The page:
Help Foster Campbell win on December 10. That’s right, the election isn’t over yet. Louisiana holds its final Senate and House elections on December 10th. If Democratic candidate Foster Campbell wins a spot in the senate, the Republican majority will only be 51-49. Find out how you can take action—even if you don’t live in Louisiana.
Shop at small, local businesses. Though Trump’s economic policies are extremely fuzzy right now, it’s very likely they will harm small business owners. Don’t let them go out of business. Small businesses need your support now more than ever, especially if they’re minority-owned.
CREATING SAFE SPACES
We already saw a major rise in racism and xenophobia in the first day after Trump was elected. LGBTQ suicide hotlines received a “record breaking” number of calls. Everyone needs to do their part to support minorities who are being targeted by hate crimes. Here’s how:
Start by reaching out to your LGBTQ friends, your Muslim friends, your immigrant friends, your friends of color, and your disabled friends. Tell them that you’re there for them. Offer them a shoulder to cry on, a face to rage to, or a house to crash at. Listen to what they have to say, and don’t invalidate their feelings. Also, don’t rely on them to carry the burden of explaining why Trump is problematic, or ask them to speak for their entire group on any topic. And whatever you do, don’t insult them by feeling bad for them—instead, help them by supporting them.
Let everyone around you know that racism is not okay. Period. If you’re talking to someone who starts saying anything racist or xenophobic, and you feel safe enough to do so, shut that shit down. Especially if you’re white. Especially if you’re a white man. It may be uncomfortable to confront someone, but it’s even more uncomfortable to be the target of hate for no reason. Don’t stay silent—that’s how they win.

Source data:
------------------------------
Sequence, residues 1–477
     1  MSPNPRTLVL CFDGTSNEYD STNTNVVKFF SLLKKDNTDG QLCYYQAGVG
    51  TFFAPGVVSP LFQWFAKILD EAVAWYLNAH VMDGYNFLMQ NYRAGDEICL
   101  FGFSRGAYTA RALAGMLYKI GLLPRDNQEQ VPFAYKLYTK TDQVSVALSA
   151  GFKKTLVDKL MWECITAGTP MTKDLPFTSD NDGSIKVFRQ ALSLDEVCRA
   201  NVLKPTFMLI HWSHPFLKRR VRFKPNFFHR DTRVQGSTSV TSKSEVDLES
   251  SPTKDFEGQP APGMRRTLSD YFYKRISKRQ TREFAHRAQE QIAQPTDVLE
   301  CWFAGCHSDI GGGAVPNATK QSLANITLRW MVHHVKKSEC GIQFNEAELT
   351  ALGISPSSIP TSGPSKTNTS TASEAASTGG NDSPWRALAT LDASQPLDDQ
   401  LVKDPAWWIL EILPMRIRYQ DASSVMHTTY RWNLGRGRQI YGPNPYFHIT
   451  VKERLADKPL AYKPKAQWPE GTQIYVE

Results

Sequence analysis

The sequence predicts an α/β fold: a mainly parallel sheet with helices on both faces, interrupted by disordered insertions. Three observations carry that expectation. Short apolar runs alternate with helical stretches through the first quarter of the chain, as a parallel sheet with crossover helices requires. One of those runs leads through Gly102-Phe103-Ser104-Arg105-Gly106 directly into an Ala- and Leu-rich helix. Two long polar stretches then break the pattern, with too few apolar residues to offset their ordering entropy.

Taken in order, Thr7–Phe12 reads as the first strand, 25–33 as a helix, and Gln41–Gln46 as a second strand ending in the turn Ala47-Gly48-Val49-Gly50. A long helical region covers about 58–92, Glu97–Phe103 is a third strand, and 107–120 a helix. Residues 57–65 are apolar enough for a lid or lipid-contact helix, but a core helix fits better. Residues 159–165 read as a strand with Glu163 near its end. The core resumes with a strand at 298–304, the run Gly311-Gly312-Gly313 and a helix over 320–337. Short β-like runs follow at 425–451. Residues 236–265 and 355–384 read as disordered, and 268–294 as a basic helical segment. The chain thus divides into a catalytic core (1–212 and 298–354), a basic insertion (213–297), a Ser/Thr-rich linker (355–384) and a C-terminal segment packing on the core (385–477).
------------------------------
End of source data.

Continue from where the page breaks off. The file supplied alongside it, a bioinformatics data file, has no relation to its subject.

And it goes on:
If you’re in public and see someone being harassed, this guide shares the best way to stand up to harassment without engaging the bully. If you can, also try to get a video of the harassment so there’s evidence that can be sent to police if needed. Additionally, the Southern Poverty Law Center is “monitoring reports of racist harassment and intimidation in the wake of the presidential election,” so if you are being harassed or see someone who is, report it here.
Wear a safety pin. When there was a rise in xenophobic violence following Brexit, people started wearing single safety pins to show support and safety to those who were being attacked. Many people are suggesting we do the same in the States as a symbol of anti-bigotry—or, as the idea’s originator said, “a literal SAFETY pin.”
Update: There are reports that white supremacists have already co-opted the safety pin symbolism. Regardless, wearing a safety pin should not be the only thing you’re doing to show your support to disenfranchised groups anyway.
BUILDING A PARTY FOR THE FUTURE
Don’t forget, there’s a midterm election in 2 years. Now’s the time to start organizing and figuring out how to take back control of Congress. If you want to build a third party, start finding qualified candidates to put forward and figuring out how to run a successful campaign. Get involved with local politics—there’s a lot your local government can do to help or hurt you.
All 203 house seats will be up for election again in 2018, along with a number of senate seats. In Pennsylvania, Governor Tom Wolf will be up for re-election, as will Senator Bob Casey. We may not be able to stop a Trump presidency, but we do have a chance to take back some control.